067 Wild Drinks and Cocktails With Emily Han

Yq0aX-kQUz73gnyXbYZB9oNrecEWg4TJw6nJIbqS-lY

Our topic this week is wildcrafted drinks and cocktails with writer, recipe developer, educator, and herbalist Emily Han. She is the author of Wild Drinks and Cocktails and the Communications Director for LearningHerbs.com. Emily’s website is EmilyHan.com. During the show we discuss the difference between “wildcrafting” and “foraging” and how you can use easily foraged herbs, fruits, pine needles and flowers to make shrubs, switchels, tonics and infusions. Emily also shares her easy distillation method and advice on what to do with all those prickly pear fruits!

If you want to leave a question for the Root Simple Podcast please call (213) 537-2591 or send an email to [email protected]. You can subscribe to our podcast in the iTunes store and on Stitcher. The theme music is by Dr. Frankenstein. A downloadable version of this podcast is here.

How to Seed a Pomegranate

In lieu of a podcast this week, I thought I’d offer a short video on my favorite method for seeding a pomegranate. While there are as many ways to accomplish this tedious but rewarding autumn chore as there are roads to Rome, I’ve found this particular technique the easiest.

First choose a large bowl to prevent splatter and subsequent spousal arguments. Then slice the pomegranate in half along its equator. Take a spatula or other sturdy object and then spank the back until the seeds release (this sounds more erotic than it actual is). If I’m lazy I just pick out the pith from the bowl. If I’m more thorough I’ll fill the bowl with water so that you can easily skim off the pith which floats to the surface.

Our tree gifted us with an abundant crop, so this has been a daily practice for the last month. This is also confirmation of my theory that the easiest things to grow make the most work for the cook.

What’s your favorite pomegranate seeding method?

Easy Scandinavian-Style Bread

bread loaf

I really like the dense, hearty whole grain loaves which are popular in Germany and Scandinavia and other points north, but which are difficult to find in the U.S.  I’ve come to like these better than the airy kind of bread, as a matter of fact. Fluffy bread doesn’t really seem like real food to me anymore, and white fluffy bread tastes like cotton candy.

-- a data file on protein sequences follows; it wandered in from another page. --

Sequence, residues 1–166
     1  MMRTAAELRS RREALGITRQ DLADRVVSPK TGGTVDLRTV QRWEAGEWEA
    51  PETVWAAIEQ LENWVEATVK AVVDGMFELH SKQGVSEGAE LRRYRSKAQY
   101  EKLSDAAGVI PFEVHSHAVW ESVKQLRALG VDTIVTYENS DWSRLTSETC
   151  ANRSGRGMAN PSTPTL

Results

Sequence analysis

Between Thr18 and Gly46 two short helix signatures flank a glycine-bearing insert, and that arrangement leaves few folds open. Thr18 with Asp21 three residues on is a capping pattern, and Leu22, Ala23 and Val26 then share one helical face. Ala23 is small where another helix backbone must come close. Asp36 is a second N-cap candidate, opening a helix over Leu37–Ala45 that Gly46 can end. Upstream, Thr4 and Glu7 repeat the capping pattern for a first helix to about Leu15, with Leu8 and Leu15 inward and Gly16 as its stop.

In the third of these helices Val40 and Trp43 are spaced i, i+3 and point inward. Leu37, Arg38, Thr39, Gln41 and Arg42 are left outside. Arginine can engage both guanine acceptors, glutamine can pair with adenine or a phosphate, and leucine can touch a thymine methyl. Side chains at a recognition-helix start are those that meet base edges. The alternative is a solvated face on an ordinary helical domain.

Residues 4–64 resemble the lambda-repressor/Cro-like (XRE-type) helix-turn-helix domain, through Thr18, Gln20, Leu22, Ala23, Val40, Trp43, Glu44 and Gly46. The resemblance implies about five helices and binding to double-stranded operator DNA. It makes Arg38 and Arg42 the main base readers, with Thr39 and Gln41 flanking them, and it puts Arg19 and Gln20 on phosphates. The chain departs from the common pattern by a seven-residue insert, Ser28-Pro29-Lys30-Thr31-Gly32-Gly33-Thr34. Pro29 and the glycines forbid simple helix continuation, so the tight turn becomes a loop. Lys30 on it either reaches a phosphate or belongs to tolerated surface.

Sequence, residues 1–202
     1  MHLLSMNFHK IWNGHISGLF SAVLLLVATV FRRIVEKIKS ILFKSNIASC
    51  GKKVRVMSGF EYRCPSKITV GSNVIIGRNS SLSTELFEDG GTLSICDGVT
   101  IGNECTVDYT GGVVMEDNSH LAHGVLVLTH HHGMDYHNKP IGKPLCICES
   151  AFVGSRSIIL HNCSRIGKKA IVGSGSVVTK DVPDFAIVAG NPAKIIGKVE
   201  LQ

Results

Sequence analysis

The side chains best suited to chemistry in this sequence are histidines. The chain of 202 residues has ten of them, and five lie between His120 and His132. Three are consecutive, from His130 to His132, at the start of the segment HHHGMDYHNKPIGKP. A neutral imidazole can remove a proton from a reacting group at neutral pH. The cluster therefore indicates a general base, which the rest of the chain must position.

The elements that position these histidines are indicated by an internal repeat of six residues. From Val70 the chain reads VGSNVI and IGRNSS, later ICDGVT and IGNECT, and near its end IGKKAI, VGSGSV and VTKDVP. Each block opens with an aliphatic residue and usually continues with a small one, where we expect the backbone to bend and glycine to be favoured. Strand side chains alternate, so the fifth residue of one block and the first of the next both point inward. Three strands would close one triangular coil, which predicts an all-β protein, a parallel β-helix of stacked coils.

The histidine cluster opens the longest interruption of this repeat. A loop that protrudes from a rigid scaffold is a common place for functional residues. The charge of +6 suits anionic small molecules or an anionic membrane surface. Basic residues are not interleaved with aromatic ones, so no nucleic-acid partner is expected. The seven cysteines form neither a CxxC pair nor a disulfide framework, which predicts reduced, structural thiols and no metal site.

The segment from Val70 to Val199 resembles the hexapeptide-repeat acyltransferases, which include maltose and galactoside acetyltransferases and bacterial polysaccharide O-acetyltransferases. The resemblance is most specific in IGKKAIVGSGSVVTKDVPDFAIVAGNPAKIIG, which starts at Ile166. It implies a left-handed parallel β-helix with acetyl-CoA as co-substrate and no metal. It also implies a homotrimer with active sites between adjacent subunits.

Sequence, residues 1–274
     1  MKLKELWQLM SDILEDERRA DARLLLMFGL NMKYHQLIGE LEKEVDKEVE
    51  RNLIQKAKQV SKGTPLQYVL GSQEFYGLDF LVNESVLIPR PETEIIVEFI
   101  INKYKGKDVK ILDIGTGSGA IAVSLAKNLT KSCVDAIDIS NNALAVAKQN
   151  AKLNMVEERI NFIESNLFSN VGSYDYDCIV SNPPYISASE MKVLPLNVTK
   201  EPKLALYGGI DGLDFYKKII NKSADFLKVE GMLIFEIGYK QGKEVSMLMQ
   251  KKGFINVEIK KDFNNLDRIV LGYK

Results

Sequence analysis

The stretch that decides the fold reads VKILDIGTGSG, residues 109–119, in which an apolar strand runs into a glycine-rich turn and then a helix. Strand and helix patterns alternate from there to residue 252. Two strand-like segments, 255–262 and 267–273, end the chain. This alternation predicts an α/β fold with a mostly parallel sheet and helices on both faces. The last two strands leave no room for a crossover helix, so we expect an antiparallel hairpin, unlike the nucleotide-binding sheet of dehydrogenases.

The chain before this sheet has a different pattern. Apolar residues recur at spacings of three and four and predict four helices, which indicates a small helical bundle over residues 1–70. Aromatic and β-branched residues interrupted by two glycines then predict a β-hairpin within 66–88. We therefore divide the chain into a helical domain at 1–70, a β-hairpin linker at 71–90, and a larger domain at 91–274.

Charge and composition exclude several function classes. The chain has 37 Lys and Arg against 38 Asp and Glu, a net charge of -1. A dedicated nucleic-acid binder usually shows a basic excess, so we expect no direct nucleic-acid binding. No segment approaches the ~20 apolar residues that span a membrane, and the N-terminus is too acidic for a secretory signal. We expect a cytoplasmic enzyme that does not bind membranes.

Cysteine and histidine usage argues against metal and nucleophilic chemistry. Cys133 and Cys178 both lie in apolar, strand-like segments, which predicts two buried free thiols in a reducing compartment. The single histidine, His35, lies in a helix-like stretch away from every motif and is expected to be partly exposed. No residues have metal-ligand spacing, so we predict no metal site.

Of course, I’m spoiled because Erik is a baker, so he makes me delicious, black hole-dense loaves of sourdough rye. Or at least, he used to. Now he’s on crutches, trying to recover from a bad case of Plantar fasciitis. This means he’s not doing anything in the kitchen anymore, and my bread supply is gone.

Sure, I could wake up his sourdough starter, take on the mantle (or apron?) of Household Baker, and start making these loaves myself, but I’m already taking on extra chores with him off his feet, so I’m not inclined to take up this one as well. Yet we can’t live two months without good bread. What to do?

Fortunately, I’ve found a solution to our bread crisis: a perfectly good yeasted recipe which makes a dense whole grain loaf with minimal effort. No starter. No kneading. No rise time, even. It’s a quick bread, essentially. It takes 5 minutes to mix up, then you plop it into a loaf pan and put it in the oven for 1 1/2 hours. That’s it.

It lacks the sour flavor and chewiness you get from developed loaves, true, as well as the health benefits/improved digestibility that comes from the fermentation process. But you know, it’s still very good. And it’s 100% whole grain and packed with healthful seeds. And for a yeasted bread, it keeps well. Our loaves have been lasting at least three days on the counter top, unwrapped.

This isn’t a bread for soaking up sauce, or making fancy sandwiches, because it’s not springy. Instead, it’s a bread for layering with cheese or lox or slices of cucumber and salt. It’s also great toasted. But mostly I’ve just been eating it slathered with that fancy cultured butter that Trader Joe’s has started selling lately.

Now that I’ve got you all excited, I’m not going to write the recipe here, because I’m using it exactly as I found it on The Transplanted Baker. I have nothing to add or change, or any excuse at all to claim it as my own. She calls her version of this recipe (which originated with Nigella Lawson) “Lazy Man’s Bread.” I’ll have to call this blog entry “Lazy Man’s Post.”

See: Lazy Man’s Bread at The Transplanted Baker

Heirloom Expo in Photos

IMG_0049

I highly recommend making the trip next year to Santa Rosa to see the National Heirloom Exposition put on by the folks at Baker Creek Seeds.  The centerpiece of the expo is the massive display of hundreds of different varieties of squash, melons, tomatoes and other edibles. It’s inspiring and frustrating all at once since, unless you have your own garden, you’ll never see such diversity at the supermarket. I came back with the will to improve our dismal vegetable gardening efforts and with a bunch of interviews you’ll hear on our podcast this week. For those of you who didn’t make it this year, here’s some of what you missed:

IMG_0001 IMG_0006 IMG_0009 IMG_0013 IMG_0025 IMG_0032 IMG_0040 IMG_0050 IMG_0051 IMG_0052 IMG_0055 IMG_0056